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English-Speaking Communities in Latin Americaby Oliver Marshall
Synopses & Reviews
Since Independence at the beginning of the 19th century, Latin America has maintained close links with Britain. This book examines the cultural and social implications of the relationship through a series of case-studies that focus on British, Irish, and West Indian immigrants and their descendants in Mexico, Central, and South America. The contributors—historians, anthropologists, and sociolinguists—explore the past, present, and putative future of English-speaking communities in Latin America and the relationships with their host societies.
Book News Annotation:
Historians, anthropologists, and sociolinguists, mostly from anglophone countries, examine British, Irish, and West Indian immigrants and their descendants in Mexico, Central and South America, and the Caribbean Basin, and consider the future of English-speaking communities in Latin America and their relationship with their host societies. The 14 studies include discussions of the speculative-to- substantive boom in Mexico from 1821 to 1911, the British and their descendants in Chilean Patagonia, and stages in the evolution of a cultural identity among the Bay Islands English. They overlap some with a March 1997 conference in London.
Annotation c. Book News, Inc., Portland, OR (booknews.com)
Since independence, Latin America has maintained close links with Britain. This book examines past, present and putative future cultural and social implications of the relationship through case studies focusing on English-speaking immigrants and their descendants throughout Latin America.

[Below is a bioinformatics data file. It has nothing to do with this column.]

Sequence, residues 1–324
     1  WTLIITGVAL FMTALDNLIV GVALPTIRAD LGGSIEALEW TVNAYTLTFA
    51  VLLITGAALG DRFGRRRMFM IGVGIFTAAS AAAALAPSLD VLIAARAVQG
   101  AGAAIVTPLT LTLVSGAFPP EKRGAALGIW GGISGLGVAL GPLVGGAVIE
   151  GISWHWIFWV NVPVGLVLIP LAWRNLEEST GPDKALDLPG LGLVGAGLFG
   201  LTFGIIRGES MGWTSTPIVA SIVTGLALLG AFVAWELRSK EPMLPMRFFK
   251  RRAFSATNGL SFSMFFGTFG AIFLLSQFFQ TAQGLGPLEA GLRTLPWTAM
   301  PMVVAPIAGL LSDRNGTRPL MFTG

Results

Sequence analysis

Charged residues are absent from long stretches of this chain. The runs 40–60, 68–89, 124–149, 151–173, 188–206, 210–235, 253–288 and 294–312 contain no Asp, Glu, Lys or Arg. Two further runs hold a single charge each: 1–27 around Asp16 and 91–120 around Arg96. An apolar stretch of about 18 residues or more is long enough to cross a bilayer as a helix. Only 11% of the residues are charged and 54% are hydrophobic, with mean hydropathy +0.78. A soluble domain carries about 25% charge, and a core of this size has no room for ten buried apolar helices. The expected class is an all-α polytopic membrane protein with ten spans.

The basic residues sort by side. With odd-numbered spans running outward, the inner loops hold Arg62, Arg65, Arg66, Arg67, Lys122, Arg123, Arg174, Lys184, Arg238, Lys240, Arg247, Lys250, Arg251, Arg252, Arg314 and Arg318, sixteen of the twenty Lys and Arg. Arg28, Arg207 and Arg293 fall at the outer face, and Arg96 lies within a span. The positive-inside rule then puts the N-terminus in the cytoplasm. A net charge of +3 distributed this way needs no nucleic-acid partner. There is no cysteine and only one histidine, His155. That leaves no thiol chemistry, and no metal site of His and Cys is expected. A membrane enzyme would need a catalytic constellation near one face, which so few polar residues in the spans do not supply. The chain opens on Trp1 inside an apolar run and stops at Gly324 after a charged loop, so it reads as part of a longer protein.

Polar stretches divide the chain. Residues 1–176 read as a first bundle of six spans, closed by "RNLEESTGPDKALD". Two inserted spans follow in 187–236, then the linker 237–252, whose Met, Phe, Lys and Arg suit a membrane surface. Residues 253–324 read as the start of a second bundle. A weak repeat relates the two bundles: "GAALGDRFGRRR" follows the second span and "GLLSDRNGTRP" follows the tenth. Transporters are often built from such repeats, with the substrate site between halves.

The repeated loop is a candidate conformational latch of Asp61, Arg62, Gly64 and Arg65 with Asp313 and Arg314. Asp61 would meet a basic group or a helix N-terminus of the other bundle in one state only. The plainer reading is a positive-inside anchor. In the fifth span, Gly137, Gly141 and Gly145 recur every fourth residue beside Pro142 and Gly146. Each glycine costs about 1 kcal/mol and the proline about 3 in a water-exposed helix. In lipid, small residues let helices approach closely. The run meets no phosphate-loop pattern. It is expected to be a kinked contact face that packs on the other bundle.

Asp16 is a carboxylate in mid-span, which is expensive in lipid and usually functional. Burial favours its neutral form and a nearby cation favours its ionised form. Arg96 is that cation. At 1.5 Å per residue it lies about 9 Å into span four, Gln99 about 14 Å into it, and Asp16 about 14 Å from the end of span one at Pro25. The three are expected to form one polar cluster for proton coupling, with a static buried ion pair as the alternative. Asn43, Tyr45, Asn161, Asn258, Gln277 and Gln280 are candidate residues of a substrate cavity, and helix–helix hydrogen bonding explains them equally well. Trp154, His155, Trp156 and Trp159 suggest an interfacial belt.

About the Author
Oliver Marshall is an independent writer/researcher based in London.
Table of Contents
Part I: Origins * A Community of Purpose: British Cultural Influence during the Spanish American Wars for Independence--Karen Racine * The British Community of Bahia, Brazil, 1810-1883--Louise Guenther * From Speculative to Substantive Boom: The British in Mexico, 1821-1911--Barbara A. Tenenbaum & James N. McElveen * The Formation of Hiberno-Argentine Society--Patrick McKenna * Conflicts in the Pailón: The British Experience in Esmeraldas Province, Ecuador, 1860-1914--Geoffrey Fisher * Part II: Argentina * The Anglo-Argentines: Work, Family and Identity (1860-1914)--Deborah Jakubs * New Nations and Old Identities: The Anglo-Argentines and the South Atlantic Conflict--Florencia Cortés-Conde * Part III: Chile * The British Communities in Nineteenth-Century Chile: Engagement and Isolation--John Mayo * The British and their Descendants in Chilean Patagonia--Laurie Nock * Part IV: Imagining Brazil: The Recruitment of English Laborers as Brazilian Colonos --Oliver Marshall * British Football with a Brazilian Beat: The Early History of a National Pastime (1894-1933)--Darién J. Davis * Part V: Caribbean Basin * The Bay Islands English: Stages in the Evolution of a Culture Identity--Ross A. Graham * Identity in Transition: From West Indian Immigrant to Afro-Costarricense--Ronald N. Harpelle * San Adrés: An Islander Comeback?--Jim Ross
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